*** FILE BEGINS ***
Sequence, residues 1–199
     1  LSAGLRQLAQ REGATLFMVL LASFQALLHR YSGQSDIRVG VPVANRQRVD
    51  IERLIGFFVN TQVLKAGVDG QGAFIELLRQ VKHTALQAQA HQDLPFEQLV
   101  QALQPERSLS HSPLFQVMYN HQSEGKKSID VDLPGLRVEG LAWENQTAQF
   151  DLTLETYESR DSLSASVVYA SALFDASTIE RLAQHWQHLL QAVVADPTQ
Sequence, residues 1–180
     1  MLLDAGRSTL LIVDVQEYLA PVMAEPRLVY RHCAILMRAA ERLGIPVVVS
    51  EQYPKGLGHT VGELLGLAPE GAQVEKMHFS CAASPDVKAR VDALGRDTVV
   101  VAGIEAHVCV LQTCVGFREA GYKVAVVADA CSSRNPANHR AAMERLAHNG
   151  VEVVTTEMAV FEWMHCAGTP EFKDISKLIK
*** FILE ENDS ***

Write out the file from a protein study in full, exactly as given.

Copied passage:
Sequence, residues 1–199
     1  LSAGLRQLAQ REGATLFMVL LASFQALLHR YSGQSDIRVG VPVANRQRVD
    51  IERLIGFFVN TQVLKAGVDG QGAFIELLRQ VKHTALQAQA HQDLPFEQLV
   101  QALQPERSLS HSPLFQVMYN HQSEGKKSID VDLPGLRVEG LAWENQTAQF
   151  DLTLETYESR DSLSASVVYA SALFDASTIE RLAQHWQHLL QAVVADPTQ
Sequence, residues 1–180
     1  MLLDAGRSTL LIVDVQEYLA PVMAEPRLVY RHCAILMRAA ERLGIPVVVS
    51  EQYPKGLGHT VGELLGLAPE GAQVEKMHFS CAASPDVKAR VDALGRDTVV
   101  VAGIEAHVCV LQTCVGFREA GYKVAVVADA CSSRNPANHR AAMERLAHNG
   151  VEVVTTEMAV FEWMHCAGTP EFKDISKLIK